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The Holocaust in Bialystok
Shortly after the outbreak of the war, the Germans entered Bialystok, first occupying it from September 15th until September 22, 1939, when it was transferred to the Soviets. The second German occupation was from June 27, 1941, to July 27, 1944. At that time, some 50,000 Jews lived in Bialystok, and about 350,000 in the whole province.

Hell on earth for the Jews of Bialystok began on Friday June 27, 1941, which was known as “Red Friday”. When the Nazis entered the city they streamed into the Jewish neighborhoods, throwing grenades into Jewish homes and wounding many. With unbelievable brutality the Nazis dragged Jewish men from their homes, beat them over the heads and forced them into the Great Synagogue. The Nazis, armed from head to toe, hurled grenades into the synagogue, which immediately went up in flames. Crammed with more than 2,000 Jews, the synagogue burned for twenty-four hours until Saturday morning. Only then, came the order to extinguish the fire. The Nazis forced other Jews, beating and chasing them from their homes, to put out the flames. While 2,000 Jews were perishing in the synagogue fire, Nazi soldiers moved through the Jewish sections of Bialystok, hauling men out of their homes and shooting them in front of their wives and children.... This was only the beginning of the horrors to come.

For administrative purposes, Bialystok was incorporated into the Reich at the end of July 1941.

On August 1, 1941 60,000 Jews were segregated into a closed ghetto with the three gates guarded by armed guards.

The first year, there was relative quiet and order in the ghetto (except for the deportation of 4,500 of the poorest Jews to Pruzhany) as the Germans wished to exploit the ghetto to a maximum in industrial production for their army. Every Jew in the 15-65 age group was forced to work, and the Germans handed out physical punishment, including death sentences, to anyone attempting to avoid or resist forced labor. The only remuneration was a daily bread ration of 500 grams, which was later reduced to 350 grams. In addition, the Germans confiscated property, imposed forced “contributions”, and collected a head and apartment tax.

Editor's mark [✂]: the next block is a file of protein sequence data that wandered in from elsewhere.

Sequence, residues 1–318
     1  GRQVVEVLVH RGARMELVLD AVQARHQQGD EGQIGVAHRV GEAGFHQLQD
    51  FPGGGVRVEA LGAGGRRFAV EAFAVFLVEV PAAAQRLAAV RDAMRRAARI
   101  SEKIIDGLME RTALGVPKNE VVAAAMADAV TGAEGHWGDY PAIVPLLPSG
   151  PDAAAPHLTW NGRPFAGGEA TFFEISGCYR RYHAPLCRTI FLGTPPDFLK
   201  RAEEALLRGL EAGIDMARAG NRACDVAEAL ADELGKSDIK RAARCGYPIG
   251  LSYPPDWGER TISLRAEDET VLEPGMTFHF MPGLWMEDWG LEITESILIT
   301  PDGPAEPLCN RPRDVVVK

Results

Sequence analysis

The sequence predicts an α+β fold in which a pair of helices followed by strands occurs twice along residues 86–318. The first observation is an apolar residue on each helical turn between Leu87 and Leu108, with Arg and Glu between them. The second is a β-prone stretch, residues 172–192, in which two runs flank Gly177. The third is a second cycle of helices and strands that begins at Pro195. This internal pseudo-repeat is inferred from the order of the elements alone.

Many women and children, unable to tolerate the panic-provoking conditions in the ghetto, cried inconsolably. Old men, tears streaming down their faces, lamented the bitter fate of the Jews of Bialystok. But finally, people began to adjust to the new environment, comforting and reassuring one another. Inside the ghetto, wretched and miserable conditions prevailed. Many had no place in which to settle nor facilities with which to wash themselves, no place to eat or sleep. Entire families had to squeeze into cramped quarters. Formerly well-to-do citizens descended into the pit of poverty. Although life in the Bialystok ghetto produced anguish and uncertainty among the Jews, They refused to give up hope.

The story of the Bialystok ghetto and the heroic resistance fighters is very extensive. I have elected to outline below what is termed in the The Bialystoker Memorial Book as “The Yiskor Calendar of Bialystok.”

Between September and October of 1941, the Germans exiled 6,000 Bialystoker Jews to Pruzhany, for forced labor, where they were savagely tortured.

In November, 1942, 200,000 Jews in the cities and towns in Bialystok region were slain in mass executions.

On February 5, 1943 the first liquidation of the Bialystok ghetto was launched. 12,000 Jews were exiled to Treblinka.

During the period of August 16 - August 23, 1943, the final liquidation of the ghetto took place. In that sorrowful week, the ghetto was completely wiped off the face of the earth. There were no more Jews in Bialystok.
#1...Map of the Bialystok ghetto
#2...Bialystok Jews move into the ghetto
#3...Loading the Jews into cattle cars at the Bialystok Railroad Station
#4...Young girls of Bialystok being driven into railroad cars destined for Auschwitz